To Edward Thornton
Department of State Octr. 27. 1803.
The letters of which copies are enclosed,1 were received last evening. One of them is from the British Consul General at New York; the other a copy inclosed therein, of a letter to him from Commodore Hood, commander in chief of his Britannic Majesty’s ships of War on a West India station. The letter bears date of the 25th. of July last, and requests that the American Government and Agents of Neutral Nations might be made acquainted, that the Islands of Martinique and Gaudaloupe [sic] are and have been blockaded from the 17th. of June preceeding, by detatchments from the Squadron under his command; in order that there may be no plea for attempting to enter the ports of those Islands.
It will without doubt occur to you Sir, that such a communication would have been more properly made through another channel, than directly from the Consulate at New York.2 The importance and urgency of the subject however supercede the consideration of forms, and I lose no time in communicating to you, the observations which the President demes [sic] it to require.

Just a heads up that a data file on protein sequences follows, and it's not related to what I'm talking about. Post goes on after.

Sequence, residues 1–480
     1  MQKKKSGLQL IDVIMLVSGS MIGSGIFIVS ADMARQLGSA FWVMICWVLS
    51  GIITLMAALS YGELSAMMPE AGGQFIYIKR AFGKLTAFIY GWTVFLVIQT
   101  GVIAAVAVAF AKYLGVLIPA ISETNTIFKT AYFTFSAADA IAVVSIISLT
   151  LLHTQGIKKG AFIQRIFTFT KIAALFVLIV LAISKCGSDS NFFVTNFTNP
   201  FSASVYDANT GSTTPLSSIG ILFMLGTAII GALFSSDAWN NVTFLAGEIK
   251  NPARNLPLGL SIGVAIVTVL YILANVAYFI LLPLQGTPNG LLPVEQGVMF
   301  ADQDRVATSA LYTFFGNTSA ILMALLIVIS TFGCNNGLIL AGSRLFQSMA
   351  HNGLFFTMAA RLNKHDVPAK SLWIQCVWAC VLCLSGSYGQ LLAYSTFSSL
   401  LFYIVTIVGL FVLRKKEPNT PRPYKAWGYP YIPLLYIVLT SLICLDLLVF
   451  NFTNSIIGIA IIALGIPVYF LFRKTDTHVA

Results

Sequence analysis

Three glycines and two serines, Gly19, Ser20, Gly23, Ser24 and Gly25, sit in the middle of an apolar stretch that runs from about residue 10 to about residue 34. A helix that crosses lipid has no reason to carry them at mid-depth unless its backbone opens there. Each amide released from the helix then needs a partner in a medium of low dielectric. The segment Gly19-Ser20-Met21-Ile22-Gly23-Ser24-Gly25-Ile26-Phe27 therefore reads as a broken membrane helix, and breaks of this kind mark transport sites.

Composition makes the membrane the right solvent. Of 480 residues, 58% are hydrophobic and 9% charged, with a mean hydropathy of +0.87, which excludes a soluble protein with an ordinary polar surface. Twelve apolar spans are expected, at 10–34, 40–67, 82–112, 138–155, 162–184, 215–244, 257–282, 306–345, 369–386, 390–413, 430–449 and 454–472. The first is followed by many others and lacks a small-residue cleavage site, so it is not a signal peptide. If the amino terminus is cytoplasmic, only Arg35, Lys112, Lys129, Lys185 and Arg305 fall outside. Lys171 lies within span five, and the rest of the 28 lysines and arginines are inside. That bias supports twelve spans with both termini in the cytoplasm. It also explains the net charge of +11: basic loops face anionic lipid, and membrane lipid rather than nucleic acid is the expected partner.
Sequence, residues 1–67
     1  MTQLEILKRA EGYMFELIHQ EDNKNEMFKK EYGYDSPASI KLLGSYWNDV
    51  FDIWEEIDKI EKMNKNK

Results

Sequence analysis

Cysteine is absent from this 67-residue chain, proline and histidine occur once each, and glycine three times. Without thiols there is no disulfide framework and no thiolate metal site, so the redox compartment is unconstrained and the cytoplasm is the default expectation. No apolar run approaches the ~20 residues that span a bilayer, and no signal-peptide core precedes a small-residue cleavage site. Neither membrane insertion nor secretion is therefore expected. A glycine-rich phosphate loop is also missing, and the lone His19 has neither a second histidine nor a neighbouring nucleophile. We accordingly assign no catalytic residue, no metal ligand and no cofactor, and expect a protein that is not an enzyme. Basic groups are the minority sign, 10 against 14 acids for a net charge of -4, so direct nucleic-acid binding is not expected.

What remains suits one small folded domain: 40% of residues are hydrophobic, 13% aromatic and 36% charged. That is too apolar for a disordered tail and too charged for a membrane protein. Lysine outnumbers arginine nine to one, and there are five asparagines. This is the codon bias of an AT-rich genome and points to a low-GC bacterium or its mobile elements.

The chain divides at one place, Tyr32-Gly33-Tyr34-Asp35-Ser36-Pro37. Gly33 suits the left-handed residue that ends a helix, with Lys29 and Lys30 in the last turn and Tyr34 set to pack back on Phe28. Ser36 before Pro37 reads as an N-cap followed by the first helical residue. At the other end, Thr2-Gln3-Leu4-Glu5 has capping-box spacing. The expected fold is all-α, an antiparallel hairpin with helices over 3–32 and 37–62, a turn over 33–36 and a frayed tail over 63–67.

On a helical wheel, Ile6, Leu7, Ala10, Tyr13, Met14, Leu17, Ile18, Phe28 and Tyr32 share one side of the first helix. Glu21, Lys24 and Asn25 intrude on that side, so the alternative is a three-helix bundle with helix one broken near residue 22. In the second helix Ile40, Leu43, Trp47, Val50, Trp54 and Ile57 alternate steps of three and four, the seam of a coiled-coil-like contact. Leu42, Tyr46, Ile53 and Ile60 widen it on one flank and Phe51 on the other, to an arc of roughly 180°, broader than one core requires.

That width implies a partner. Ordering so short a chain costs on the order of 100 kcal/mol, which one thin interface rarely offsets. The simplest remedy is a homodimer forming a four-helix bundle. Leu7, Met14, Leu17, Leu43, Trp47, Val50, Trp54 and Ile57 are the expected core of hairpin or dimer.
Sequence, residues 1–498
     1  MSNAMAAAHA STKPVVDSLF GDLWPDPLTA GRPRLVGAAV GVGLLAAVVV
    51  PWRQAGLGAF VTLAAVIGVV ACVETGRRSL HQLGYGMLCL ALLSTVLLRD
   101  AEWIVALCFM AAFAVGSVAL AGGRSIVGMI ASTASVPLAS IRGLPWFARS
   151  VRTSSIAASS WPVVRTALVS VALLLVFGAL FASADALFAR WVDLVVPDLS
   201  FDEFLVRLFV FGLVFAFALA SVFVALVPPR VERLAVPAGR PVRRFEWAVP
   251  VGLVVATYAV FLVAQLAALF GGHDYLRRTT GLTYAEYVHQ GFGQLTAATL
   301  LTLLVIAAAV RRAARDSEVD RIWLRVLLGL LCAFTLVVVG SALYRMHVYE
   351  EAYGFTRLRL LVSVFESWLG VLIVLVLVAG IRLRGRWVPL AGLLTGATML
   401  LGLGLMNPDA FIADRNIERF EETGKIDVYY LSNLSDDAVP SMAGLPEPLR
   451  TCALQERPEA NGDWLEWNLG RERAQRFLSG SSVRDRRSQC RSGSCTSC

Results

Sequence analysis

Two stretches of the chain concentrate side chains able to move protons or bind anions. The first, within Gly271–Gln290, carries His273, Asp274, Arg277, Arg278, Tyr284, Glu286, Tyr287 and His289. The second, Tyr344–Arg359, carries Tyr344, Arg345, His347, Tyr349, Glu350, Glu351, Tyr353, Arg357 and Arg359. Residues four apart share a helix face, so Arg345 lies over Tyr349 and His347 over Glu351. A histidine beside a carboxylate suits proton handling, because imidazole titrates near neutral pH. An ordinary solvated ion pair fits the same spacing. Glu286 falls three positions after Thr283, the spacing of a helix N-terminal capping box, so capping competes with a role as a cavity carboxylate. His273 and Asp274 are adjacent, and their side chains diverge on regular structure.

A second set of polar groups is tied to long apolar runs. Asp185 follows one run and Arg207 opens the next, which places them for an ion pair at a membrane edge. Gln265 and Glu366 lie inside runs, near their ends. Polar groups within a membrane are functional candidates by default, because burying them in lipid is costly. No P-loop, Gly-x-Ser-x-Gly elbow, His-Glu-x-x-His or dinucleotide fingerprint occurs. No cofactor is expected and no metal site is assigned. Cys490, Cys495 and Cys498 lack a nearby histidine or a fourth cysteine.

It will not escape your attention that Commodore Hood’s letter is dated no less than three months before it could have the effect of a notification, and that besides this rema[r]kable delay, the alledged blockade is computed from a date more than one month prior to that of the letter itself. But these circumstances however important they may be, do not constitute the main objection to the proceeding of the British Commander. His letter instead of stating that a particular port or ports were blockaded, by a force actually before them, declares general two entire & considerable Islands to be in a state of blockade. It can never be admitted that the trade of a neutral Nation in articles not contraband, can be legally obstructed to any place, not actually blockaded, or that any notification or proclamation, can be of force unless accompanied with an actual blockade. The law of Nations is perhaps more clear on no other point than on that of a siege or blockade, such as will justify a Belligerent nation in restraining the trade of Neutrals. Every term used in defining the case, imputes the presence and position of a force, rendering access to the prohibited place, manifestly difficult and dangerous. Every Jurist of reputation, who treats with precision this branch of the law of Nations, refers to an actual and particular blockade. Not a single treaty can be found which undertakes to define a blockade, in which the definition does not exclude a general or nominal blockade, by limiting it to the case of a sufficient force so disposed as to amount to an actual and particular blockade. To a number of such treaties Great Britain is a party. Not to multiply references on the subject, I confine myself to the 4 Art. of the Convention of June 1801, between Great Britain and Russia which having been entered into for the avowed purpose “of settling an invariable determination of their principles upon the right of neutrality,”3 must necessarily be considered as a solemn recognition of an existing and general principle & right, not as a stipulation of any new principle or right limited to the parties themselves. The article is in the words following, “That in order to determine what characterizes a blockaded port, that denomination is given only to a port where there is, by the dispositions of the power which attacks it with Ships stationary or sufficiently near, an evident danger in entering.”4 It cannot be necessary to dwell on the inconsistency of the kind of blockade declared by Commodore Hood, with the principle laid down concerning the rights of neutrality; or on the consequences of the principle on which a blockade of whole Islands by a few Ships is founded, to the commerce and interests of neutral nations. If the Islands of Martinique and Gaudaloupe, the latter not less than 250 and the former nearly 150 Miles in circumference, and each containing a variety of ports, can be blockaded by detatchments from a Commodore’s Squadron, it is evident that a very inconsiderable portion of the British fleet may blockade all the Maritime Countries with which she is at War. In a word such a principle compleatly sacrifices the rights of neutral commerce to the pleasure or the policy of the parties at war. But it deserves to be particularly remarked, that a power to proclaim general blockades, or any blockade not formed by the real presence of a sufficient force, to be exercised by officers at a distance from the controul of their government, and deeply interrested in enlarging the field of captures which they are to share, offers a temptation that must often aggravate the evils incident to the principle itself. You will infer Sir from these observations the serious light in which the President regards the proceeding which is the subject of them; and will perceive the grounds on which the injuries accruing from it to our commerce, will constitute just claims of indemnification from the British Government. To diminish the extent of these injuries as much as possible, and to guard the good understanding and friendly relations of every sort, which are so desirable to both nations against the tendency of such measures, will I venture to assure myself, be sufficient motives with you to employ the interpositions with Commodore Hood, which you may judge best adapted to the nature of the case. I am &c.